Big in New York

Leave logic at the gallery doors,smoke a fat spliff and then enter the works of New York-based artist Chitra Ganesh.

Written by Georgina Maddox | Published: January 4, 2009 3:52 am

Leave logic at the gallery doors,smoke a fat spliff and then enter the works of New York-based artist Chitra Ganesh. Prepare to be confronted with floating heads,women with multiple arms,beauties that morph into skeletal spectres and ghosts that rediscover the past. It is not about shocking the viewer into pitying the protagonists—if anything,these urban deities may leave the viewer a tad intimidated.

Ganesh has been working non-stop for three months on her solo The Ocean Beneath. Her sleep-deprived eyes look like they could do with a holiday,which is planned for later. First,however,this American desi needs to welcome viewers on opening night,January 8,at Chatterjee & Lal,behind Radio Club.

“Showing in India is exciting. This is my first solo,but it’s really a microcosm of a bigger global interest in

Indian art,” says the 33-year-old Ganesh who began painting 10 years ago. While her parents wanted her to do engineering or become a doctor,Ganesh was so stimulated by the art scene in Brooklyn that she studied art Skowhegan School of Painting and Sculpture,and received her MFA from Columbia University in 2002. She began with oil and acrylic on canvas,went on to discover new media like video art,lenticular prints and comic books.

Sourcing her references from Amar Chitra Katha,Bollywood and other forms of popular culture,Ganesh contextualises her narratives to include personal stories of self discovery,tales of empowering women and creating a new visual archive of images that re-invent myth.

“Of course,my reference to Satyam Shivam Sundaram is not specific to the movie. I am interested in how these images become iconic and I reinvent the image. With the comics,it isn’t a direct reference to any deity or myth,I am just using the style to make my own statements,” reiterates Ganesh.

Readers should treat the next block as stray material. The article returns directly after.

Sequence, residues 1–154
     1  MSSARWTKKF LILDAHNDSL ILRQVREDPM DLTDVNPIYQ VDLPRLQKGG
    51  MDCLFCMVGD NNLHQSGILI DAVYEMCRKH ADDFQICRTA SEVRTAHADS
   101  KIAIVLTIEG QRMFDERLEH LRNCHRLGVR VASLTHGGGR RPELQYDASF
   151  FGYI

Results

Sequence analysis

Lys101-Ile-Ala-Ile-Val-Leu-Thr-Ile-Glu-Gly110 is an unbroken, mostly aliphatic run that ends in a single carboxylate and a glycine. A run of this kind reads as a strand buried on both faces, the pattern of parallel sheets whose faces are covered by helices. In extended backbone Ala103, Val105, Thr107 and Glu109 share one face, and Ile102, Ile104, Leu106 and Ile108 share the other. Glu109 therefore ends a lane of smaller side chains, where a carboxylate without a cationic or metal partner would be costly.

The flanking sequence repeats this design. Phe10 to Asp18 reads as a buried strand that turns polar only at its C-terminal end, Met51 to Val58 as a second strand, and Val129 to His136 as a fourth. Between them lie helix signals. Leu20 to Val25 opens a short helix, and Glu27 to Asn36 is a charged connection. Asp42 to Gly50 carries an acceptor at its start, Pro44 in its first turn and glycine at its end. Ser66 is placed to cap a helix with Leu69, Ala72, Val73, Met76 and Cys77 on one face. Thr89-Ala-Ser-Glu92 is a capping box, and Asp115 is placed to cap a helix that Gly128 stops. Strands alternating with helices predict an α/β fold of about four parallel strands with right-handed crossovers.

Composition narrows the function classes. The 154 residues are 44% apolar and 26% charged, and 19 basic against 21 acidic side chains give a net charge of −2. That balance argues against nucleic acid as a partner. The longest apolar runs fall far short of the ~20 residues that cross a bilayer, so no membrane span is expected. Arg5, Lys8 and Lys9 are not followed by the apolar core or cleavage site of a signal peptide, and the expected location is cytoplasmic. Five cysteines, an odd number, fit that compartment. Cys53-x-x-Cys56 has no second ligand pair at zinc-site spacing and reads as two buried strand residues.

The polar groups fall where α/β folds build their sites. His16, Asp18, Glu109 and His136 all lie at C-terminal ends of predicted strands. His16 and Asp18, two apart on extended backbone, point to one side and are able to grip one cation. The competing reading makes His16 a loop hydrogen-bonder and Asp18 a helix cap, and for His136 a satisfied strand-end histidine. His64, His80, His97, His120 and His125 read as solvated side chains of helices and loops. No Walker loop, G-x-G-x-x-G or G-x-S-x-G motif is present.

“Interestingly,eight-years-ago,I was told by a critic that she did not understand my work because it was placed specifically in Indian culture. I have spent my life trying to understand the art histories of the West,it’s time that the favour was returned,” she says with a sardonic smile. Given that the global interest in Indian art has exploded,making Ganesh one of the most sought after Indo-American artists,validates her stand. The Saatchi Gallery was one of the first collectors to acquire her work,along with the Queens Museum. Currently,she is being promoted by the Thomas Erben Gallery,and has a presence online on portals like saffronart.com and artnet.com.

“Chitra’s work is at all times dynamic,thoughtful and complex. Her feminist,queer motifs successfully dissolve all traces of compartmentalisation,” says Thomas Erben. Ganesh’s choice to expose the bloodier and macabre side of life ensures her works are not typically ‘feminine’ in the pursuit to beautify or embellish. “The darker side of life is always buried,hidden from view,which is why I want to excavate them. They deal with sexuality and that’s not accidental,” says that artist whose queerness forms a backdrop to her work.

Exploring the city with her friends and her partner,Ganesh is discovering new aspects of material she did not have access to as diaspora. “My resolve is to spend more time with the people I love,” she says grinning. However 2009 is busy year for Ganesh with shows lined up in Long Island,Arizona and even Delhi.

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